Statement of problem: Documentation of long-term changes in food intake is lacking for those treated with a maxillary complete denture opposed by a mandibular, screw-retained, implant-supported fixed prosthesis.
Purpose: The purpose of this study was to evaluate the selection patterns of dietary foods over 5 years for edentulous participants treated in a multicenter prospective clinical trial that compared cast alloy versus laser-welded titanium frameworks of an implant-supported prostheses opposed by maxillary complete dentures to rehabilitate edentulous participants.
Material and methods: The study assessed data from a multicenter prospective clinical trial that followed edentulous participants from an initial baseline of wearing existing complete dentures to implant placement, restoration with a mandibular implant-supported prosthesis opposed by a maxillary complete denture, to follow-up assessment of these treatments over 5 years. The 32 participants in the cohort were treated at 5 of 9 participating centers. The data collected included 2 dietary forms, a standardized 4-day food diary form, and a dietary habits questionnaire. Each participant completed forms before entering into treatment (control) and at the 1- and 5-year follow-up assessment after being treated with a maxillary complete denture opposing a mandibular complete-arch fixed implant-supported prosthesis. Descriptive statistics were calculated for each measure at each assessment point. Regression analysis and the Sign test were used to calculate change in the participants' nutritional status (α=.05).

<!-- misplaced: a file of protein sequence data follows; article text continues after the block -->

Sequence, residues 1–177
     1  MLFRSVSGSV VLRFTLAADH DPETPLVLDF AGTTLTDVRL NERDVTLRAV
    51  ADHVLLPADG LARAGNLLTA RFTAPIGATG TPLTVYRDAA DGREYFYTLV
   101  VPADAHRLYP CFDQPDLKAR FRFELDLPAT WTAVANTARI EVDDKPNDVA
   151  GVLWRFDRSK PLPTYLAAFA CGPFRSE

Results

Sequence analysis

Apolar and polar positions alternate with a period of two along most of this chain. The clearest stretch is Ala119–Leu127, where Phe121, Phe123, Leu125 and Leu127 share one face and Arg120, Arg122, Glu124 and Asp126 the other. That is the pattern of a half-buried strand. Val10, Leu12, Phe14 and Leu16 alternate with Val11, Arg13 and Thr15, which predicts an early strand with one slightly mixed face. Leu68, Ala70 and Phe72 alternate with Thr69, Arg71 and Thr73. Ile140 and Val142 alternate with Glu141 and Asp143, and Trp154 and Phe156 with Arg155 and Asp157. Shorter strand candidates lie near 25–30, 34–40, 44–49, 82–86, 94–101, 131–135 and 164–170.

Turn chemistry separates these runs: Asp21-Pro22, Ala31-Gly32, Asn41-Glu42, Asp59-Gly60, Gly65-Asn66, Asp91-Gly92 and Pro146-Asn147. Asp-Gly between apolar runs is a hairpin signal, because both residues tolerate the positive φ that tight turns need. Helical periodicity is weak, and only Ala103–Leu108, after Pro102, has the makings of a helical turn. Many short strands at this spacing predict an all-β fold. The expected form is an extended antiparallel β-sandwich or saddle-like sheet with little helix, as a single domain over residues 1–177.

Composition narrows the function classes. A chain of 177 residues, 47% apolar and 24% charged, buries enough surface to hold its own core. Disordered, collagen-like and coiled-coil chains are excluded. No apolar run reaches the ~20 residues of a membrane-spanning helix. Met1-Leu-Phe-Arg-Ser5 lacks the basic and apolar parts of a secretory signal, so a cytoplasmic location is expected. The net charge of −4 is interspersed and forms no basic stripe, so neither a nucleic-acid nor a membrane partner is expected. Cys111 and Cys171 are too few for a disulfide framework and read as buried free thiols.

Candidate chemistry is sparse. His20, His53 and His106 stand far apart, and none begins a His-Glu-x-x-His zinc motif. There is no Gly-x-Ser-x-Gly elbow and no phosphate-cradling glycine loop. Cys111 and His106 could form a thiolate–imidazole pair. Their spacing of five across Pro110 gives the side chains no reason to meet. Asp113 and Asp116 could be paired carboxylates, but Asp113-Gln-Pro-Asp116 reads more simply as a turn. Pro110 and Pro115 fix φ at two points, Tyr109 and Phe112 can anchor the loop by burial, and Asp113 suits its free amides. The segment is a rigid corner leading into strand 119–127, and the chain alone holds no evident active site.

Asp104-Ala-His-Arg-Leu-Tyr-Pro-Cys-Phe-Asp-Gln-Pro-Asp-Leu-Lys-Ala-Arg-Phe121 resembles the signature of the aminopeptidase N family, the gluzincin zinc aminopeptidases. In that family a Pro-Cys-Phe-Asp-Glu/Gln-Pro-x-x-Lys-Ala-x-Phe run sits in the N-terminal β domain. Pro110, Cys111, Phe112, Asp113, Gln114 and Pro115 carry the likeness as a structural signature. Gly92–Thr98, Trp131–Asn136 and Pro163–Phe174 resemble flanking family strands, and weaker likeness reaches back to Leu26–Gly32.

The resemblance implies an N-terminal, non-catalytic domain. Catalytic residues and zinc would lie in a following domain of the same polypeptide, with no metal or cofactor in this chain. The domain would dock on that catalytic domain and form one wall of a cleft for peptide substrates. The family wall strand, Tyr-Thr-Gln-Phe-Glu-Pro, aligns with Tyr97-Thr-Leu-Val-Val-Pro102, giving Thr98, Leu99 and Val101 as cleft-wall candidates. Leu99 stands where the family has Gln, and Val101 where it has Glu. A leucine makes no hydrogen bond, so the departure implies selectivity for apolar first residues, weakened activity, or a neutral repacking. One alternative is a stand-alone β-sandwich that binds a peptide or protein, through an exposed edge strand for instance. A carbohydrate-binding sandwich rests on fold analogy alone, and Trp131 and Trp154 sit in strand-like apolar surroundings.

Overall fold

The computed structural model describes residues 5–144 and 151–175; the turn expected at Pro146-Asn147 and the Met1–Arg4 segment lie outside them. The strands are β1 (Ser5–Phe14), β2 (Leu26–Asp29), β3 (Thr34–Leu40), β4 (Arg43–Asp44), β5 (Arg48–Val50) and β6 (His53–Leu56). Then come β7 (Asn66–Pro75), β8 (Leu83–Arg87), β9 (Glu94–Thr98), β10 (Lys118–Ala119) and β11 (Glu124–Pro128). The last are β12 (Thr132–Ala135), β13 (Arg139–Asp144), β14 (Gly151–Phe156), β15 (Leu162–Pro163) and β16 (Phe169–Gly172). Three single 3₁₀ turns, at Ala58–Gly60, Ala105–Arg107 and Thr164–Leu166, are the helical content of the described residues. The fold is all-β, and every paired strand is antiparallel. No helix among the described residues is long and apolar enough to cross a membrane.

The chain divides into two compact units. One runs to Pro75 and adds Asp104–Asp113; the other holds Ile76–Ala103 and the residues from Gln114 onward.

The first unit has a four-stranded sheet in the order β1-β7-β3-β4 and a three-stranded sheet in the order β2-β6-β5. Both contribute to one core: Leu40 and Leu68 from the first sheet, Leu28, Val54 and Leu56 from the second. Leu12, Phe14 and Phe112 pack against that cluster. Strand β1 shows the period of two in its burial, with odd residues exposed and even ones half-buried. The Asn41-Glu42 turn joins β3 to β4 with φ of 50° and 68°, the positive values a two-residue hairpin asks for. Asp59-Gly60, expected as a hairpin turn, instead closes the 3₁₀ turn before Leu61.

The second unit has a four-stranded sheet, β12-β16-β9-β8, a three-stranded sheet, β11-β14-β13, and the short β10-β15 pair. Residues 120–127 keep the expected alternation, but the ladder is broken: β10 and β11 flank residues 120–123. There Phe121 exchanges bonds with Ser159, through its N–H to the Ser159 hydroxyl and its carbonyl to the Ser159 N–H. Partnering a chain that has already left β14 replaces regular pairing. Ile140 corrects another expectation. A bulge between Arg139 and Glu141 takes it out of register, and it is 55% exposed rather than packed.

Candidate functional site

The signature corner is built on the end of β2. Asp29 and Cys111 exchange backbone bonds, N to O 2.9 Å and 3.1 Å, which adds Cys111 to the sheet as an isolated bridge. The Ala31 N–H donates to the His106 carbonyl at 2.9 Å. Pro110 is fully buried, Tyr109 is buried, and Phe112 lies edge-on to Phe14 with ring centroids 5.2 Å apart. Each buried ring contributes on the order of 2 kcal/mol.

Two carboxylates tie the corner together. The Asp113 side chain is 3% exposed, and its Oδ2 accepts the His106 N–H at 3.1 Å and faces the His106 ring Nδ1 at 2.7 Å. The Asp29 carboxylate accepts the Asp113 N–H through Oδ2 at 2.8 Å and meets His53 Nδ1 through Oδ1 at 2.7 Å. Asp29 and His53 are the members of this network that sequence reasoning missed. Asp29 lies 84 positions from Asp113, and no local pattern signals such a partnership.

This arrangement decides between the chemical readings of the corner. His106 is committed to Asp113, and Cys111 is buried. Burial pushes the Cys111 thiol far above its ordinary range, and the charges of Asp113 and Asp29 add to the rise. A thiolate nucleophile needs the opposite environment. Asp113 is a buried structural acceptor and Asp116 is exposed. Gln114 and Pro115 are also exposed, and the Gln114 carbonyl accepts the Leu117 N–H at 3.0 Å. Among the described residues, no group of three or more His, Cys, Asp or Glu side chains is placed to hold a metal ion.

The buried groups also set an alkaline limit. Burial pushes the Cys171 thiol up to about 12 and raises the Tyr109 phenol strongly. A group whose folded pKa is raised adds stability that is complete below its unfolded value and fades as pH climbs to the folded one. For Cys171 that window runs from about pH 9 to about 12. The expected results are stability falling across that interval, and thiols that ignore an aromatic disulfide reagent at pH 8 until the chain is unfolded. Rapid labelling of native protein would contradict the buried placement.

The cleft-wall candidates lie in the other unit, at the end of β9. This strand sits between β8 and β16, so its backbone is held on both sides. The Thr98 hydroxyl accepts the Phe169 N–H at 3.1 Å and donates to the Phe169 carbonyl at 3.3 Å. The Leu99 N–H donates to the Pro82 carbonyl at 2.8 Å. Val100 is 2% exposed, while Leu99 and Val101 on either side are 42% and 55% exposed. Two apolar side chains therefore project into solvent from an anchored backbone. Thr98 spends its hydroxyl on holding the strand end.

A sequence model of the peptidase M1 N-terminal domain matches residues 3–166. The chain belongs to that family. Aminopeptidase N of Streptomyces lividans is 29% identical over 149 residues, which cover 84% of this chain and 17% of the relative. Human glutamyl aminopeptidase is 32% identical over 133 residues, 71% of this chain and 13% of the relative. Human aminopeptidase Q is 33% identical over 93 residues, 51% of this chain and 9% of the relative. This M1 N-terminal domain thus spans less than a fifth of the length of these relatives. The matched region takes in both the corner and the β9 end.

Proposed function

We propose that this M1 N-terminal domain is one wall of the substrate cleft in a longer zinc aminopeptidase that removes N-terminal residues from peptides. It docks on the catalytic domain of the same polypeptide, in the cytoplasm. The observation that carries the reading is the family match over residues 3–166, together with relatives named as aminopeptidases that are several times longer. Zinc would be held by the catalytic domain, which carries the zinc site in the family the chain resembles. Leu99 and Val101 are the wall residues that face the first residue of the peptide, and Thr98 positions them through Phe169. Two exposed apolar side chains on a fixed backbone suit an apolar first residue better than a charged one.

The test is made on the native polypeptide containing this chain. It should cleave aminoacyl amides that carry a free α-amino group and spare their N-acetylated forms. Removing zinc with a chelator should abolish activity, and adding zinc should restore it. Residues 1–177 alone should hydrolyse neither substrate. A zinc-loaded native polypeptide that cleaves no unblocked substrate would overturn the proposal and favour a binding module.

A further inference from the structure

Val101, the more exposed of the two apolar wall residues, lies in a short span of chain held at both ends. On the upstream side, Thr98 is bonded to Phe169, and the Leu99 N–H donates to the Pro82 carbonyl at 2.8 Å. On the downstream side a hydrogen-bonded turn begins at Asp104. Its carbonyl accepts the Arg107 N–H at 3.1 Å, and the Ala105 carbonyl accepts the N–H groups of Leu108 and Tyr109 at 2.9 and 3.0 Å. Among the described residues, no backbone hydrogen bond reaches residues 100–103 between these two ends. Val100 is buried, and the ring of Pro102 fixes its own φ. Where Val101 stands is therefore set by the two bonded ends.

Results: Among the findings, it was noted that difficulty in masticating hard, raw, and fibrous foods decreased and intake of vegetable portions increased significantly from 2.5 to 3.3 servings. Participant comfort in eating in public places and their enjoyment of eating were significantly improved from 50% of participants being uncomfortable with their prior complete denture treatment to only 4% after 5 years.
Conclusions: Within the limitations of this study, it was concluded that vegetable intake and ability to masticate raw, hard, and fibrous food for these participants improved when they received a mandibular implant-supported prosthesis opposed by a maxillary complete denture. According to the analysis and findings, the overall eating experience was more pleasurable, and eating in public was more comfortable after replacement of complete dentures with a mandibular implant-supported prosthesis.
Copyright © 2013 The Editorial Council of the Journal of Prosthetic Dentistry. Published by Mosby, Inc. All rights reserved.